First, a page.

In this assignment you will be implementing five concurrency control schemes:

  • Two versions of locking schemes, both of which implement variations of the standard two-phase locking algorithm we discussed in class.
  • A version of OCC very similar to the serial-validation version described in the OCC paper you read for class.
  • A version of OCC somewhat similar to the parallel-validation version described in the OCC paper.
  • A version of MVCC timestamp ordering that is a simplified version of the PostgreSQL scheme we studied in class.

  • Assignment 2: cmsc624-a2-sol-latex-template.zip [sample.pdf]. You can upload the template to Overleaf.


Pull the Code

Change the current working directory to your existing folder for assignment 1, then pull updates from the official repository.

git remote add cmsc624 https://github.com/umd-db/cmsc624-fall21
git pull cmsc624 main --allow-unrelated-histories # you may have to fix merge conflicts

To ensure that your private repo has the latest codebase at all times, please don’t forget to synchronize the remote codebase (by git pull cmsc624 main --allow-unrelated-histories) — sometimes we may fix some bugs in new commits. This is a prototype, and we always encourage students to dig deep and find potential problems to improve it.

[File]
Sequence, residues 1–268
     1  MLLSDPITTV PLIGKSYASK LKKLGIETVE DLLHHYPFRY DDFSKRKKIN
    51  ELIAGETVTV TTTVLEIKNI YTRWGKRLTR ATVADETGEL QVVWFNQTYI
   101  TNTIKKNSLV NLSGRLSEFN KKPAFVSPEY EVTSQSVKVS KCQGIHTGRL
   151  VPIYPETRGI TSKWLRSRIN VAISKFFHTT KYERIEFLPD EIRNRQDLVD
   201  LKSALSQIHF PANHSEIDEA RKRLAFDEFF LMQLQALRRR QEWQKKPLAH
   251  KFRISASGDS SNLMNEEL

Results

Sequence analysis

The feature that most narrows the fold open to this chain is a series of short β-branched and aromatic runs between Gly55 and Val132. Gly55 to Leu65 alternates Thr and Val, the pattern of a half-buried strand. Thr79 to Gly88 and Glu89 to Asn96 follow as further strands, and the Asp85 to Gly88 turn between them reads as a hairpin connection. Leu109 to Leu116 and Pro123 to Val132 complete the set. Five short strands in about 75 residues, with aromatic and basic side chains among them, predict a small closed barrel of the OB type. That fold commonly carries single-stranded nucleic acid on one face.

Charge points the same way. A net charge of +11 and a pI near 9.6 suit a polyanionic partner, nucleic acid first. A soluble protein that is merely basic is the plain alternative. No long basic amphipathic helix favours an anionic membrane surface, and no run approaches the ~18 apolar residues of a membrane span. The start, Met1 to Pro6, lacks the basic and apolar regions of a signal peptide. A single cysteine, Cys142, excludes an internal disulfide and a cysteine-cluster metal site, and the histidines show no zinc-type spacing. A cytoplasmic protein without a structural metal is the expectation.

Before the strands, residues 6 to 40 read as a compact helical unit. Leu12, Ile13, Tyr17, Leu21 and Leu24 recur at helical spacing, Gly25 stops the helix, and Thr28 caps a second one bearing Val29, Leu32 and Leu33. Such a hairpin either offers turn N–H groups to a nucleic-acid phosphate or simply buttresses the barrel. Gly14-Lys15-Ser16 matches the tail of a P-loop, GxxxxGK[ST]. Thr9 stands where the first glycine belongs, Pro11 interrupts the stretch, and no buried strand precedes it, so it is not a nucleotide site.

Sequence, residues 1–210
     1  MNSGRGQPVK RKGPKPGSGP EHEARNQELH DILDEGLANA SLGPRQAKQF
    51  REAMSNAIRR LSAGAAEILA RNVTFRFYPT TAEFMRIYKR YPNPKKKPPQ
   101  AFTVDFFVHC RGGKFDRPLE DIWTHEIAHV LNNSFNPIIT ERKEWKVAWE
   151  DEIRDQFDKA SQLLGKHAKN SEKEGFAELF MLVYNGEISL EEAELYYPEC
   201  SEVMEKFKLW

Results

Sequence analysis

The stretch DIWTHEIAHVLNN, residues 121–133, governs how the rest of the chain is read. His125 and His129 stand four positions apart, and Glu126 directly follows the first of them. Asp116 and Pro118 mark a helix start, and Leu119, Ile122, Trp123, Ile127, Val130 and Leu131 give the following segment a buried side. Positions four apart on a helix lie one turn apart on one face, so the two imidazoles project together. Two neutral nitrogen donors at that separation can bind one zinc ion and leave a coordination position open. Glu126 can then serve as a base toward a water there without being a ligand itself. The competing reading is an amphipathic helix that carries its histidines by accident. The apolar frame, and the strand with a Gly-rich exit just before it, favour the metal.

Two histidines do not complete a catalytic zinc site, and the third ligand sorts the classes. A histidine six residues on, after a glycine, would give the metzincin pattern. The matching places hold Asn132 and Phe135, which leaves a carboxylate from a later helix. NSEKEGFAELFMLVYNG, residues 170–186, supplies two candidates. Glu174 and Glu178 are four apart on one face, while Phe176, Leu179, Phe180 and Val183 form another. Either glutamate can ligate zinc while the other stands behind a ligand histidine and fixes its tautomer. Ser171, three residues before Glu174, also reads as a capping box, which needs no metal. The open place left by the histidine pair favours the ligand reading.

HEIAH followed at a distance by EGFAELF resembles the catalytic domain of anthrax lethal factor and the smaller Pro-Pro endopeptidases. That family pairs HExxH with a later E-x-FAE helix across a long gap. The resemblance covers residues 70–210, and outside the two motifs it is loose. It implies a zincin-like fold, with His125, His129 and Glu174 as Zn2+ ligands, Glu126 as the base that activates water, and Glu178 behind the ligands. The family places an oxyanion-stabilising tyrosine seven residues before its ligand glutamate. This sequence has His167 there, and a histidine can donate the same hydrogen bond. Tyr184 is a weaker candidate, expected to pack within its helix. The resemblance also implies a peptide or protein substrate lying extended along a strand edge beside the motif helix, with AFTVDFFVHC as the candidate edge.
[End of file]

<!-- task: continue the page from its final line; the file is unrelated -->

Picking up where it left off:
Similar to assignment 1, aside from writing code, this assignment involves running some performance experiments and answering some questions we ask below. We use the same private git repository (a1) for each student, and each student can commit changes and push them to this private repository. Our grading server will run your code regularly, generate the output files, and automatically commit them back to you. This will enable the code from each student to run on an identical server (with the same performance characteristics), so that students do not have to be concerned that any strange performance numbers they may see is the result of their particular choice of hardware.